Here’s a fun example of how you might use my data on Congressional bill length and complexity.  Imagine you want to understand the empirical distribution of Flesch-Kincaid reading level for Congressional bills and how this distribution is related to bill stage.  A first step might be to visualize this relationship.

  Based on this visualization, you might infer that engrossed bills tend to have less right-skew and have a lower mean reading level.  The story behind this might be that Senators and Representatives are less likely to accept legislation they do not understand.  To test this, you might run a simple KS test to see if the introduced bill reading levels are greater than engrossed bill reading levels.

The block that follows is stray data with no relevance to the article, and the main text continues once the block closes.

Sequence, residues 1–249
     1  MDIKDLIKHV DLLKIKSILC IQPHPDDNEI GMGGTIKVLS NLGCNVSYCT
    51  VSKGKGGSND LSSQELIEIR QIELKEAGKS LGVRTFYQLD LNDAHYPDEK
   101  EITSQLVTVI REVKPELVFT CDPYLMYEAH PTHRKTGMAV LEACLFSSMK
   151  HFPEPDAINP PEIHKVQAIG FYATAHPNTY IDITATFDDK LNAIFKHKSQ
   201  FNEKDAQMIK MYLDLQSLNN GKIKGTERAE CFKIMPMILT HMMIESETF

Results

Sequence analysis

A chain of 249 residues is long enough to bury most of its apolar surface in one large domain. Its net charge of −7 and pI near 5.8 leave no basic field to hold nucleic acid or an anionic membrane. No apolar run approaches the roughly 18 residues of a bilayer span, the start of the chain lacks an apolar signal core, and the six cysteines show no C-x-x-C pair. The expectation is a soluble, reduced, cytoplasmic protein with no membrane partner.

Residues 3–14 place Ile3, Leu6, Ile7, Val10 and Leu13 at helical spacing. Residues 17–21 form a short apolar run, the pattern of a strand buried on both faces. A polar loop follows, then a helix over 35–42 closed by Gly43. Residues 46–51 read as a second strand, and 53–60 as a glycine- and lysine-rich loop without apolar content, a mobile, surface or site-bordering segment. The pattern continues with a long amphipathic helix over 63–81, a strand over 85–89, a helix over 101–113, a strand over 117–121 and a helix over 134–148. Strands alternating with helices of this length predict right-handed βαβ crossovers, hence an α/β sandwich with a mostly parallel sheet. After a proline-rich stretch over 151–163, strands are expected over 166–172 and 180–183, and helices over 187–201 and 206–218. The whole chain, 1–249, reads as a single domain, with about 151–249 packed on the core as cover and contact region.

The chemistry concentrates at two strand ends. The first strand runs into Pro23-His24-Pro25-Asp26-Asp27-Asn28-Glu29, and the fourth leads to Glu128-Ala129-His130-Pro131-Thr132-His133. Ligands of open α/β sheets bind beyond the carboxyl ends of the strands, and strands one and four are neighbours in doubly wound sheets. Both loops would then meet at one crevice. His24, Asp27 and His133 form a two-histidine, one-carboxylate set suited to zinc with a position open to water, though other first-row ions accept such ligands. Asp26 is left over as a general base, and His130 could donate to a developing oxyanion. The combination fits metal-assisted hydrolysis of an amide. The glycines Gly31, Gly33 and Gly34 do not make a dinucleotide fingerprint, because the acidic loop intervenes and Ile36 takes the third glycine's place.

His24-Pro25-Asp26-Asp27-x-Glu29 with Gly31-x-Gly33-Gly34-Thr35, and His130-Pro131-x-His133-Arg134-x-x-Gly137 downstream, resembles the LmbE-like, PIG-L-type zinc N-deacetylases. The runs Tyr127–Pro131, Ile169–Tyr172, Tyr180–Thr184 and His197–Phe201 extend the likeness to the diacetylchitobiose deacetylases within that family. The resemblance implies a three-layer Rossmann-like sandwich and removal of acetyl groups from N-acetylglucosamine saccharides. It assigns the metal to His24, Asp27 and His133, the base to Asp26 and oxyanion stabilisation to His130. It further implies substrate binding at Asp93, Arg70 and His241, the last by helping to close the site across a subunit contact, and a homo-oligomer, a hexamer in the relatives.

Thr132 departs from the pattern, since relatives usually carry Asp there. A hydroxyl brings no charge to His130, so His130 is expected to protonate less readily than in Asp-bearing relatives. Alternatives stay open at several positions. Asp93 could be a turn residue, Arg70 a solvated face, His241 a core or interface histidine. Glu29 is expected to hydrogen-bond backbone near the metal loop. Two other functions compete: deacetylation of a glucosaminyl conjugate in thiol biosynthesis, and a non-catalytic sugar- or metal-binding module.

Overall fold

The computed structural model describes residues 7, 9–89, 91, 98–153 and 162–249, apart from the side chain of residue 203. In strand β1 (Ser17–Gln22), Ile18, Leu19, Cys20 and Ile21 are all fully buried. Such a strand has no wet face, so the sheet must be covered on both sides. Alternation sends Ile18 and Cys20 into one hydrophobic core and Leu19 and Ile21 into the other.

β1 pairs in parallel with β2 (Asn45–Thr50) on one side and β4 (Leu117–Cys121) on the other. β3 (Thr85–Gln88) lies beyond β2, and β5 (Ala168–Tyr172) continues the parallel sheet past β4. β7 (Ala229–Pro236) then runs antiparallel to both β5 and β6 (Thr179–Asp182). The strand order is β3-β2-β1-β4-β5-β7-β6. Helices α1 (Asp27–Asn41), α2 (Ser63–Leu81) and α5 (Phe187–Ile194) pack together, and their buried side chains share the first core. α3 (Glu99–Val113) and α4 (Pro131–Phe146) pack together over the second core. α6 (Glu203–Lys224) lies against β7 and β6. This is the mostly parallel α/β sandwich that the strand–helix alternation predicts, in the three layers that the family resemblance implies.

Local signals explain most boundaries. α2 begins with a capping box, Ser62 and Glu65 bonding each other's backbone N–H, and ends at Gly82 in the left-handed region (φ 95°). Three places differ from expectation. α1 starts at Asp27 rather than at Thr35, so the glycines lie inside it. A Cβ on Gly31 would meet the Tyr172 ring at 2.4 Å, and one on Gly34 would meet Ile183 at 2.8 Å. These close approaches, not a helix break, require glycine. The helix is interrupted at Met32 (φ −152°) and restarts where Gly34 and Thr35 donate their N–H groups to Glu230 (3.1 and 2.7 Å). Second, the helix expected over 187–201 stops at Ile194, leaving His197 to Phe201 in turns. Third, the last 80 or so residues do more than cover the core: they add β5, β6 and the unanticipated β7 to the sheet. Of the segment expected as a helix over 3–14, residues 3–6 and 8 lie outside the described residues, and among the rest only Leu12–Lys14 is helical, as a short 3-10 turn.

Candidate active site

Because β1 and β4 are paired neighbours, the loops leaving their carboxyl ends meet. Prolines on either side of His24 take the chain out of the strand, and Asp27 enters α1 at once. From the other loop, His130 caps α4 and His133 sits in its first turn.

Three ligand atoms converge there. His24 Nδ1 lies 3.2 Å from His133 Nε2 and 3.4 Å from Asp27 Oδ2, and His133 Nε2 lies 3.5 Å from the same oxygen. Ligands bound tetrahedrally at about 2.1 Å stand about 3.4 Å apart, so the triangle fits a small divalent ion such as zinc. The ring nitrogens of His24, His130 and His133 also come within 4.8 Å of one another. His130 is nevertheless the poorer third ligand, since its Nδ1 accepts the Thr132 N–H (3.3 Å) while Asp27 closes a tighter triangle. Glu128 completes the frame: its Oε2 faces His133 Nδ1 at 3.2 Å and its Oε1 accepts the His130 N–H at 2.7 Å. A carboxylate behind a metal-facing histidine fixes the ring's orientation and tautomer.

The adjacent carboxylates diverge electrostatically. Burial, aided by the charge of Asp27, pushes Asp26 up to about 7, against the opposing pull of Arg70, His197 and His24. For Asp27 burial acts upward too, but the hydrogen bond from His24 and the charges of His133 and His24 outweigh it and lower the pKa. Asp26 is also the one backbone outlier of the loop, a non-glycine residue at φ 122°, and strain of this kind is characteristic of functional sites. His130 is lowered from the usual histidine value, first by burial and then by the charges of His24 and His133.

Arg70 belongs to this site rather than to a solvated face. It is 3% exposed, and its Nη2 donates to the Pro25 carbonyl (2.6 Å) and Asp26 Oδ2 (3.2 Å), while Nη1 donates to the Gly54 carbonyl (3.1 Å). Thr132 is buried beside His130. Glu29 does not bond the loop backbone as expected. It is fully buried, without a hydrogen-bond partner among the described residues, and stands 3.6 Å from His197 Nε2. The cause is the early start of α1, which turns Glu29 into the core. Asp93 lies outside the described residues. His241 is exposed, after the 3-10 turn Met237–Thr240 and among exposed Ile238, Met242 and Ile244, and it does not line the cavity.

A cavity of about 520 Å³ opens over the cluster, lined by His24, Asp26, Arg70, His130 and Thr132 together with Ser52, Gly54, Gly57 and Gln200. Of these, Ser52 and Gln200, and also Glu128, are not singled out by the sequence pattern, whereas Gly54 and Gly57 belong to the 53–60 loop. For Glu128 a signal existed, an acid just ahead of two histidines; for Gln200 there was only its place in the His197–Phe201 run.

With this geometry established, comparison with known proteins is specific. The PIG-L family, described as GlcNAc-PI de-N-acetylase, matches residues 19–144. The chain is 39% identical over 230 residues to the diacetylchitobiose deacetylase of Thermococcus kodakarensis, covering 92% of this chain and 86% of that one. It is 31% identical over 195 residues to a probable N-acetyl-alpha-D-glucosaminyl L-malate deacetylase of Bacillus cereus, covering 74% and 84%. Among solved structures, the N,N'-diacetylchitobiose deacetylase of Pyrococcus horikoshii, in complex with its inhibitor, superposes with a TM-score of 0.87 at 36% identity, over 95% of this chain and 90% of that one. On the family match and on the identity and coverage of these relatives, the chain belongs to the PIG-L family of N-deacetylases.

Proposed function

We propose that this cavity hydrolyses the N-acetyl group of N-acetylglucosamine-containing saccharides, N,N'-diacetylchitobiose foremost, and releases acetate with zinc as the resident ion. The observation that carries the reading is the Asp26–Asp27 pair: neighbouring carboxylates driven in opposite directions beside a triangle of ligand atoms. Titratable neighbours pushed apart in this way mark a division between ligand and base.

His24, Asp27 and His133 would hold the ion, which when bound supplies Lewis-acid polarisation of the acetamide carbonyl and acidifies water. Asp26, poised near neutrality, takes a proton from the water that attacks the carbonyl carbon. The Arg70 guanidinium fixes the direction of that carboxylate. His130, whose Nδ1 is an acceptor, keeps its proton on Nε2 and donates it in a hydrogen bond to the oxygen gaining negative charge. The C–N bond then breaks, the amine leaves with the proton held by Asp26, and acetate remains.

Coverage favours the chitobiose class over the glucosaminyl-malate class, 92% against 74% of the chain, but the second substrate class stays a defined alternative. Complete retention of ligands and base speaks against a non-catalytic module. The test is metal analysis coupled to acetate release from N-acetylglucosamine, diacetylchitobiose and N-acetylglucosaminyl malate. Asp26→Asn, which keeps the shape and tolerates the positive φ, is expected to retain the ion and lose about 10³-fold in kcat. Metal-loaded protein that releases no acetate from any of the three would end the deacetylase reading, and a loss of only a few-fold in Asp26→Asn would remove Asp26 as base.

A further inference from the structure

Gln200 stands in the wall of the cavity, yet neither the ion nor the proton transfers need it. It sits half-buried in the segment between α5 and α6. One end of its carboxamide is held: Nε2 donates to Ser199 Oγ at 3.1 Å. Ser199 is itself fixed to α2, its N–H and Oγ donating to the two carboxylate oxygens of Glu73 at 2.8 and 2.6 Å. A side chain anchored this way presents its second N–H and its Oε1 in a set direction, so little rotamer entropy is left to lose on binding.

> ks.test(introduced, engrossed, alternative="less")

	Two-sample Kolmogorov-Smirnov test

data:  introduced and engrossed
D^- = 0.094, p-value = 0.006299
alternative hypothesis: the CDF of x lies below that of y

Sample source below.